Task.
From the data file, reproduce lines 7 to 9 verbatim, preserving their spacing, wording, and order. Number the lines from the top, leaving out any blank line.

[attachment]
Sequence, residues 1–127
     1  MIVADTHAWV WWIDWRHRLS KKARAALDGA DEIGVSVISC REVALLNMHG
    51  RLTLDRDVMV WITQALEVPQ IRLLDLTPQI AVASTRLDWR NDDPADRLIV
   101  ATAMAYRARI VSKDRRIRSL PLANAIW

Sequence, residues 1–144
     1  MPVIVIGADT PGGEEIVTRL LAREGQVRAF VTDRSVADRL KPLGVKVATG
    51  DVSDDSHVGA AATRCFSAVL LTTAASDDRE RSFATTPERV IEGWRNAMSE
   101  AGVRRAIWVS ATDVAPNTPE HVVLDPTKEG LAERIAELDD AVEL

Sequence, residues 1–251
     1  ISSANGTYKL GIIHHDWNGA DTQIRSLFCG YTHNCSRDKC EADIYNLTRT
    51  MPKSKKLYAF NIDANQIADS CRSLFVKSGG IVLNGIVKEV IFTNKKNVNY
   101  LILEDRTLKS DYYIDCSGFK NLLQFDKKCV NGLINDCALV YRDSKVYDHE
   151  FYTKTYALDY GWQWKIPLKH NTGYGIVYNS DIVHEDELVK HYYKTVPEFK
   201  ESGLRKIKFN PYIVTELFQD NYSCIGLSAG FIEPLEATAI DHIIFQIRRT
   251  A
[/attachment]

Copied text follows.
    51  DVSDDSHVGA AATRCFSAVL LTTAASDDRE RSFATTPERV IEGWRNAMSE
   101  AGVRRAIWVS ATDVAPNTPE HVVLDPTKEG LAERIAELDD AVEL

Sequence, residues 1–251